Over the past few months I've been working on a personal hobby site. I have to say, it's been a lot of work. It's been a while since I've built a new site, I've spent most of my time over the years working on my main business site and already-built client sites. Even when we are brought in for consulting in new site planning, it's someone else that does the work, not me.

After spending dozens of my free-time hours just getting this new site set-up, I can totally see why people would just rather pay someone else to do it for them.

Starting from scratch

I went the easy route and I found a $25 Wordpress theme that gave me most of the functionality I wanted with some extra cool features I liked. I spent the first week customizing it; adding plugins and tweaking the code. I don't know a whole lot of code outside of HTML but I can sort my way through it. I found some widgets to add and removed some that I didn't like.

Every now and then I came across an issue that I couldn't fix. A email to the theme developer and almost all my problems were quickly solved. I spent some time fiddling with a logo until I got it just how I wanted it.

Next I had to start building the site structure. How were my pages going to be categorized with both blog posts and the directory I was building? I did some tinkering along the way and I keep making improvements as I go, but finally got the basic structure in place.

Perfection never comes, so roll it out now

What I found most interesting during this process was the SEO elements. This took me far longer and was much more work (and a work in progress) than I anticipated.... and I haven't even started going through my optimization checklist.

But I realize that some things you have do to quickly so you can get moving forward. I don't have time to make it perfect, otherwise I'd never get the site done. I've spent countless hours tweaking this, that, and the other, but only after the site has been live and generating traffic.

In fact, that's been one of the most frustrating things: There is always something more to do. Put aside the actual content generation of the site (I write reviews of restaurants and other things to do in Canton, Ohio,) I have an ever-growing list of things that I have to do in order to promote the site.

Let's see:

  • Twitter? Check. I'm was up to 80 followers in the first three weeks, and hover around 150 now.
  • Optimized directory title tags? Check. I performed more specific keyword research about a week and a half after going live.
  • Optimize directory page text for keywords? I got to that round four weeks after going live.
  • Populate the directory? Only what I've reviewed, nothing else.
  • Create a Flikr Profile? Started this about five weeks in and soon abandoned it.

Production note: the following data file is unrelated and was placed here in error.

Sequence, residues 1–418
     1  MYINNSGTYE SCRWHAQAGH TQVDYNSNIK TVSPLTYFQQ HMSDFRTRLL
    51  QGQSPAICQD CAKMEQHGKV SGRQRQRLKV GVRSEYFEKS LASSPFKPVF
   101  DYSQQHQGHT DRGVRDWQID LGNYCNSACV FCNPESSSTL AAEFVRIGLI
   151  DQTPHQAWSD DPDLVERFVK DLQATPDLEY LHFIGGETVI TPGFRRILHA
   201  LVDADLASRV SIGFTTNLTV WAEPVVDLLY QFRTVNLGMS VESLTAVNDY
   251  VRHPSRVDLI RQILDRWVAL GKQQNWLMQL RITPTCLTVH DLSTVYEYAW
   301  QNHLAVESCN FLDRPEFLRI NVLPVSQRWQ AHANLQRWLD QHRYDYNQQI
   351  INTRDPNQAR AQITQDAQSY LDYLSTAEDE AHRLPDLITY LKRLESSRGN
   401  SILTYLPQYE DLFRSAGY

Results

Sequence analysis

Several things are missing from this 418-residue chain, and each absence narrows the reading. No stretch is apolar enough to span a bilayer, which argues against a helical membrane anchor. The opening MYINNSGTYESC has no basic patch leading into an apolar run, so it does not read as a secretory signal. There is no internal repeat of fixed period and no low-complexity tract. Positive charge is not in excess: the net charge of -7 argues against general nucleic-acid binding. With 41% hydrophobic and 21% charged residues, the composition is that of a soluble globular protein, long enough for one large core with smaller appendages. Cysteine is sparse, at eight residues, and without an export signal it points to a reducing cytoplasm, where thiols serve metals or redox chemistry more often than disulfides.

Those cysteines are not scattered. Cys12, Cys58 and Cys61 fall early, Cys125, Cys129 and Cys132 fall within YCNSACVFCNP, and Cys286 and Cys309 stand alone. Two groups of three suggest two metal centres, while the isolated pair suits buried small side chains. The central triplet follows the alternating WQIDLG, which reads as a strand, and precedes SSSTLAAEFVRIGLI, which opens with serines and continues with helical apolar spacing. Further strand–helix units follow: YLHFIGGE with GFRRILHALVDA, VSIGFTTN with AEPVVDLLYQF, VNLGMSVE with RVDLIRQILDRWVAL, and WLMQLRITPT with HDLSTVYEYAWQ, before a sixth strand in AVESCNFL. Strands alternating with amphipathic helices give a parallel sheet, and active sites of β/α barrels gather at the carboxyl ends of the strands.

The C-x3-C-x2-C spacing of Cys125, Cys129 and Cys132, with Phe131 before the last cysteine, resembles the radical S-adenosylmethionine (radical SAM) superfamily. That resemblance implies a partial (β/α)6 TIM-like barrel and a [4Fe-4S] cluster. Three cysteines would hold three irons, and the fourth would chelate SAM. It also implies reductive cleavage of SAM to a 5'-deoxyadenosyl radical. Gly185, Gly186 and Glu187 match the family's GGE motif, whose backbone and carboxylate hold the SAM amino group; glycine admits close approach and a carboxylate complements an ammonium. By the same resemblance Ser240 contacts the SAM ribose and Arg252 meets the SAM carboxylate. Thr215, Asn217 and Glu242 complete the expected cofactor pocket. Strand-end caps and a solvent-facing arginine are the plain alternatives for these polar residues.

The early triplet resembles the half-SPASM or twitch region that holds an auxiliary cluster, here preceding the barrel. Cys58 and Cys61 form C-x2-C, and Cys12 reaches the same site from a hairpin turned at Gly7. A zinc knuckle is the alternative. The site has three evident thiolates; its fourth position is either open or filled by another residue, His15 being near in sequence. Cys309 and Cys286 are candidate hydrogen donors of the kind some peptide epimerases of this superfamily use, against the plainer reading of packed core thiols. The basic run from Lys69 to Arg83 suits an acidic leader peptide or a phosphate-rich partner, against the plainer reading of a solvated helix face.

• Create a Facebook fan page? Done but not utilizing it well.
  • Create a coupon page? Sort of. Nothing special.

And it seems every time I get an item knocked off my things-to-do list I add two more! And I still have to write reviews of the places I go, which means I can't spend every evening in front of the computer working on these things, I actually have to go out and experience something to review.

All said and done, this little hobby site of mine has occupied just about every bit of spare time I've had and there is always somethign more, more, more to do.

The Client's vs. SEOs perspective

Now I understand why people hire SEO firms... this is a lot of work! Arguably I know a thing or two about SEO, yet I can't imagine trying to do all this without the knowledge base that I have.

Many people in this just-starting-out position jump into a new project without realizing just how time consuming this web stuff really is. Those that know enough to know that they don't know enough often times don't know quite enough to realize that even those of us that do know enough about what we are doing can't wave a magic wand that makes results appear overnight. (That was a mouthful!)

Client's want results and, rightfully so, but to some once they right that check, the results are supposed to be delivered like a pizza on game night. But in reality, it doesn't happen like that at all. There is a lot of details that have to be planned, implemented, and followed through on, otherwise the site won't go anywhere.

*Participation not included

Why have I been so successful with this project over the past few months? (I'm using that term relatively.) It's because I have been engaged in the marketing of the site, beyond the SEO and development. Had I handed the SEO and development of the site to someone else it probably would have been completed, but the site would be stagnating with very few visitors. Some things just can't easily be handed off with a check. Those that can still take active participation by the writer of that check.

I have to be engaged in twitter as often as possible. I have to join conversations and establish relationships. I could pay someone else to do this but guess what? It would take just as much time for someone else. I just have to decide where my time is most valued. Do I run the business or do I market the business?

Every business owner has to decide how they will proceed. Hire some or all of the marketing out or do it themselves. Those who don't do it themselves honestly have no idea what's involved. Heck, I do this for a living and sometimes I have no idea what's involved.